Perceptions of Information and Communication Technology among Undergraduate Management Students in Barbados

By Gay, Glenda; Mahon, Sonia et al. | International Journal of Education and Development using Information and Communication Technology, November/December 2006 | Go to article overview

Perceptions of Information and Communication Technology among Undergraduate Management Students in Barbados


Gay, Glenda, Mahon, Sonia, Devonish, Dwayne, Alleyne, Philmore, Alleyne, Peter G., International Journal of Education and Development using Information and Communication Technology


ABSTRACT

This exploratory study examined attitudes and usage of ICT among undergraduate management students in Barbados. Of the sample of 166 students, the majority indicated they had access to a computer, and had access and regularly used the Internet. In addition, more females than males had access to a computer off campus. Over 90% used the course-based WebCT, whereas only 30% used the Campus Pipeline. The study showed that students were generally favourable towards ICT. Males were more inclined to incorporate ICT in web-based instruction compared to other teaching activities. Older students were more interested in using ICT only as a supplement to teaching activities. The findings suggest high usage of and positive attitudes toward ICT among tertiary level students. University administrators need to address the gender and age differences regarding ICT usage as well as develop strategies to maintain positive student attitudes and high usage of ICT.

Keywords: Information and communication technology; WebCT; Internet; management students.

INTRODUCTION

Information and Communication Technology (ICT) encompasses the effective use of equipment and programs to access, retrieve, convert, store, organize, manipulate and present data and information (Gay and Blades, 2005). Å-learning, which is described as the use of ICT to enhance or support learning and teaching in education, has become increasingly important in tertiary education (OECD, 2005). ICT skills are currently of great interest to governments, businesses and individuals alike. Through the use of automation, ICT has become integrated in the management of knowledge and its accompanying ICT tools. Industry and commerce also depend on knowledge management, which has forced businesses to become ICT savvy (COM, 2003). More importantly, it is expected that ICT would be fully integrated into the academic curriculum in order to prepare students for the world of work.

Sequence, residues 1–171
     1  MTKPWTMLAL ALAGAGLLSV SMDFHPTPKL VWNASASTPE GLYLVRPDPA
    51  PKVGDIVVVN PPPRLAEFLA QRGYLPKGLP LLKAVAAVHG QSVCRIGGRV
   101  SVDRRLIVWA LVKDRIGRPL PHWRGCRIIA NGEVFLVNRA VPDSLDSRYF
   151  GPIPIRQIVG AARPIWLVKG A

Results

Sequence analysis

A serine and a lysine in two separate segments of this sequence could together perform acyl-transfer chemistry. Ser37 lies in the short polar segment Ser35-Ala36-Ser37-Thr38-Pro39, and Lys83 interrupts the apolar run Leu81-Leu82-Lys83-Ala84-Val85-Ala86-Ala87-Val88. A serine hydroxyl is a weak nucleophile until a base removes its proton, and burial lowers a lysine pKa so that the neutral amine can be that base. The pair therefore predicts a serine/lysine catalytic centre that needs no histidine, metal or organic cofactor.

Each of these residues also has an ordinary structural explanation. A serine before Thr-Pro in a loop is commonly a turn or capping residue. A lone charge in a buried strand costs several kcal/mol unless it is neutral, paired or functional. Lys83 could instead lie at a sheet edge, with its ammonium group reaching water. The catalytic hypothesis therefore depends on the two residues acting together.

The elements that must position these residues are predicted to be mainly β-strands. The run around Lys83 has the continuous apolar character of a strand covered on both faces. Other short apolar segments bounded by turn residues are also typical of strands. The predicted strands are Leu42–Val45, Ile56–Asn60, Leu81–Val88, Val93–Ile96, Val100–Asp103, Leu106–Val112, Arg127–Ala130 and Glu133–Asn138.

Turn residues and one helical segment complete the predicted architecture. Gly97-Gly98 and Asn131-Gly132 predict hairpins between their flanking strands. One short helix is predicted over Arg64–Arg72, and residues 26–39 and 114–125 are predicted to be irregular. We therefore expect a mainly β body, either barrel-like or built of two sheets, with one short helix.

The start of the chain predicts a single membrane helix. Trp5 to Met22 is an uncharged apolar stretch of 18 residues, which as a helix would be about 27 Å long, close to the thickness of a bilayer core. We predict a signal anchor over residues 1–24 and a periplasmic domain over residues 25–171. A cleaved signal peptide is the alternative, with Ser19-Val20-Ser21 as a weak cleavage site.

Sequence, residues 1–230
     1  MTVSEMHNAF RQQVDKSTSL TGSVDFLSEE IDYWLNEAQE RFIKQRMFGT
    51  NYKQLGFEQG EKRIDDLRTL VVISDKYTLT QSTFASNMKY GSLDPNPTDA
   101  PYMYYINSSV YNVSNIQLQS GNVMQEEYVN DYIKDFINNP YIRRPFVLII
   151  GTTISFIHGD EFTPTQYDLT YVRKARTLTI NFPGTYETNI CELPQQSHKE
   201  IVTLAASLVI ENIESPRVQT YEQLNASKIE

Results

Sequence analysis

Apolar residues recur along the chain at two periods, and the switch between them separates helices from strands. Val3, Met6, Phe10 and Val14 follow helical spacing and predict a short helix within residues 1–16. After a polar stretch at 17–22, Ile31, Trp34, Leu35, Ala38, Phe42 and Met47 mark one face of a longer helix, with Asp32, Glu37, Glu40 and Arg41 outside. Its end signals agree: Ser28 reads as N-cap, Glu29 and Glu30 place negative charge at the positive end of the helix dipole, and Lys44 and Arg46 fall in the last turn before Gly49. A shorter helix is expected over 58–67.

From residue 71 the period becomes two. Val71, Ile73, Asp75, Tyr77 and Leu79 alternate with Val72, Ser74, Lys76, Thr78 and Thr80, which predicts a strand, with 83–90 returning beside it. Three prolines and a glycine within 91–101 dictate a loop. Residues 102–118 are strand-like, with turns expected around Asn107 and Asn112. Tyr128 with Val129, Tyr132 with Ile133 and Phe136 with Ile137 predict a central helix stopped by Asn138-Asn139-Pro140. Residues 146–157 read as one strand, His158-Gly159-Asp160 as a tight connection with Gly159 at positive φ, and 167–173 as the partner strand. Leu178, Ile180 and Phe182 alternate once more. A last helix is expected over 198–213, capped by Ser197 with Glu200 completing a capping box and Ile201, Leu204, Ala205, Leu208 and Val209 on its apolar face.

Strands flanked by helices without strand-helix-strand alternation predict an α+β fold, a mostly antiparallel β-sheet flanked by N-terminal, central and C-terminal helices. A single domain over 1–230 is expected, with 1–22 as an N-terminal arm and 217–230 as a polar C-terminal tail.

Background

The University of the West Indies (UWI) is the major tertiary level institution in the West Indies and has three campuses in Barbados (Cave Hill Campus), Jamaica (Mona Campus) and Trinidad and Tobago (St. Augustine Campus). All three campuses have embraced ICT in their quest to enhance teaching and research to students and staff. This exploratory study looked at ICT at only one of the campuses, Cave Hill Campus. Students at UWI, Cave Hill Campus, have access, at minimal cost, to a variety of electronic information resources. These include:

- the Distance Education Centre (DEC), which was intended to explore the potential for using telecommunications technology across the three campuses,

- on-line registration of courses, and

-access to course material via web-based tools such as WebCT and Campus Pipeline.

Web Course Tools (WebCT) is an online virtual learning tool used by many educational institutions for the delivery of e-learning to students. This tool has numerous benefits for students and lecturers including effective communication of course material, email exchanges, online discussion and general course management. Campus Pipeline is another online system that caters to students, faculty and administration by providing centralised Web access to information and services. Some of the benefits of Campus Pipeline include reducing time on administrative tasks, distribution of information to students an faculty and extend communication beyond the classroom.

Objectives of the study

This study sought to explore the attitudes and usage of ICT among undergraduate management students at the Cave Hill Campus of the University of the West Indies in Barbados. The present study addressed four main research questions:

1) What are the attitudes of undergraduate students to ICT?

2) To what extent do students use ICT?

3) How does gender and age impact on the use of and attitudes to ICT?

4) What are the main reasons behind students' ICT usage?

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